'Warthog' dealt a blow

The House Appropriations Committee on Tuesday became the first congressional panel to back scrapping the A-10 “Warthog,” an attack plane beloved by U.S. troops for its support in ground operations.

The panel rejected an amendment from Rep. Jack Kingston (R-Ga.) to save the A-10 in a 23-13 vote. A number of A-10s are based in Kingston’s state, where the Republican is running for the Senate.

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The Pentagon’s effort to retire the A-10 has sparked a battle with the plane’s defenders that has waged all year. Supporters won an early victory last month when the House approved a version of the 2015 Defense authorization that keeps the Warthog in the air for at least another year.

They notched another win when the Senate Armed Services Committee unveiled its authorization blueprint that set aside money for the venerated 283-plane fleet.

Tuesday’s action by House appropriators is by no means the end of the story; it is unclear whether the full House or Senate will agree to retire the A-10. However, it does serve as a clarion call by the spending committee that it wants to put money behind other programs.

“Respectfully, let me stipulate at the onset that the A-10 Thunderbolt is a tremendous aircraft,” said Rep. Rodney Frelinghuysen (R-N.J.), chairman of the committee’s Defense subpanel, before the vote. “It is, though, 30 to 40 years old ... and close-air support is not the only mission the Air Force must be able to perform.”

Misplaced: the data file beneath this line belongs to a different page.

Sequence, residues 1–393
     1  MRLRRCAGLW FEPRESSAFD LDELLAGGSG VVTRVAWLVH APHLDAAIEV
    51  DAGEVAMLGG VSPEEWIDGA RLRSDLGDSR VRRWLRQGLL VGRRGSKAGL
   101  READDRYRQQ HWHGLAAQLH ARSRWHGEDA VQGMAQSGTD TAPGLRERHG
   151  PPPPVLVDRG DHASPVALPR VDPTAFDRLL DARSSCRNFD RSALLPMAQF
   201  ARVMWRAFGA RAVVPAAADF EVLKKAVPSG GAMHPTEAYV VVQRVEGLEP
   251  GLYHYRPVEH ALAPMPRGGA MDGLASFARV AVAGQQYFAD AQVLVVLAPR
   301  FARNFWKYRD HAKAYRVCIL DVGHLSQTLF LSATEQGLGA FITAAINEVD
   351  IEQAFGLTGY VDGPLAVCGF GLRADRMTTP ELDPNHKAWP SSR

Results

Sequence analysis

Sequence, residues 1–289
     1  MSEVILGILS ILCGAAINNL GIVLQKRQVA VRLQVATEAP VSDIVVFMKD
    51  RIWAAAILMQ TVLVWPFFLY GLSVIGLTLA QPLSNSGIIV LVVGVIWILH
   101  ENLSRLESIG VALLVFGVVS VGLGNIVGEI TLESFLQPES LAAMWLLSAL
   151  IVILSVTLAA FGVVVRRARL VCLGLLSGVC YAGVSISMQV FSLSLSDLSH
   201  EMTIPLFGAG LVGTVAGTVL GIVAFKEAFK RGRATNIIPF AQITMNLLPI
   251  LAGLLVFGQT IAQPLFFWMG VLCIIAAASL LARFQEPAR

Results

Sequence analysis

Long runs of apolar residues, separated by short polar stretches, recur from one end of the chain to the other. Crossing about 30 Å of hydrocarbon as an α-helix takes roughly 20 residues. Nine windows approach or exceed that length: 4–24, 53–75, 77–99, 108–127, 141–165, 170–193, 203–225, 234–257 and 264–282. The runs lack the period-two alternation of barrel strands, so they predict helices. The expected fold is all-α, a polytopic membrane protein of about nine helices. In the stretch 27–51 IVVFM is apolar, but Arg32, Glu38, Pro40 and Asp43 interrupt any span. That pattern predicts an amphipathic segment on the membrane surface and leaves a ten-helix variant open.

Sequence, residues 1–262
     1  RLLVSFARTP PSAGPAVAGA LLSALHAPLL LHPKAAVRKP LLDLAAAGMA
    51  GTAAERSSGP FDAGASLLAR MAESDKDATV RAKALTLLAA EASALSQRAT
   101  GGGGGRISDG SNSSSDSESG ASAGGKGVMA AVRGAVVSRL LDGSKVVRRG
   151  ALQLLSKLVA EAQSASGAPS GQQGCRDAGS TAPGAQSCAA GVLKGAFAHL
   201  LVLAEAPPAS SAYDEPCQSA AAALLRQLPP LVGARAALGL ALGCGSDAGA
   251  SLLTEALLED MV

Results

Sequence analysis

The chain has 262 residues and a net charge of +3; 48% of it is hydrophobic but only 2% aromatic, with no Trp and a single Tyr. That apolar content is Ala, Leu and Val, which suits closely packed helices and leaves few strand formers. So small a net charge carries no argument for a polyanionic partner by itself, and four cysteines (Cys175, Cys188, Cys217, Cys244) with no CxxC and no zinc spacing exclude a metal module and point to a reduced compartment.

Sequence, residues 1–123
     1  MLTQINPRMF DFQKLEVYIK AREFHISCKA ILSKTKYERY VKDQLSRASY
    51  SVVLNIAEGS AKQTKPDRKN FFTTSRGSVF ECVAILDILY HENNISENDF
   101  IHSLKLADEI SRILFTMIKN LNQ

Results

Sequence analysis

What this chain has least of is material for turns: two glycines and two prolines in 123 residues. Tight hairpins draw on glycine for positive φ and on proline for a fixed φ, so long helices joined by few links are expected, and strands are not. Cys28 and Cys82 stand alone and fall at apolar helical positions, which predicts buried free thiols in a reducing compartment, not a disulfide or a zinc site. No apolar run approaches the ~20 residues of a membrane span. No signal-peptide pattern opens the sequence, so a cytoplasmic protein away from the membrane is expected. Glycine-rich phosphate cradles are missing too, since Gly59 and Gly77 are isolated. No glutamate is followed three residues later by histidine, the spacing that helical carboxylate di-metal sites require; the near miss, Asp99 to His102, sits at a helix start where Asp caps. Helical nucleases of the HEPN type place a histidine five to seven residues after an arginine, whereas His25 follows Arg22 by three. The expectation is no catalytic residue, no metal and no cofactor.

He said retiring the beloved attack plane would save the Air Force “billions, not millions,” and that if he felt the move to mothball the platform was a “green eye shade” gimmick by the service, he would vote against it.

Frelinghuysen also said the Warthog’s close air support mission could be performed by other aircraft, such as the F-16 fighter and the B-1 bomber. The Pentagon has made the same argument.

“This money could be plowed back into the procurement of modern, multi-mission aircraft and research and development of a new generation of unmanned systems,” he said.

Attention will now turn to the Senate Appropriations Defense subcommittee, which could take up its version of the spending bill in early July, according to subpanel Chairman Dick Durbin (D-Ill.).

The Senate’s No. 2 Democrat has thus far been silent on the fate of the Warthog.

—This story was posted at 11:21 and updated at 4:19 p.m.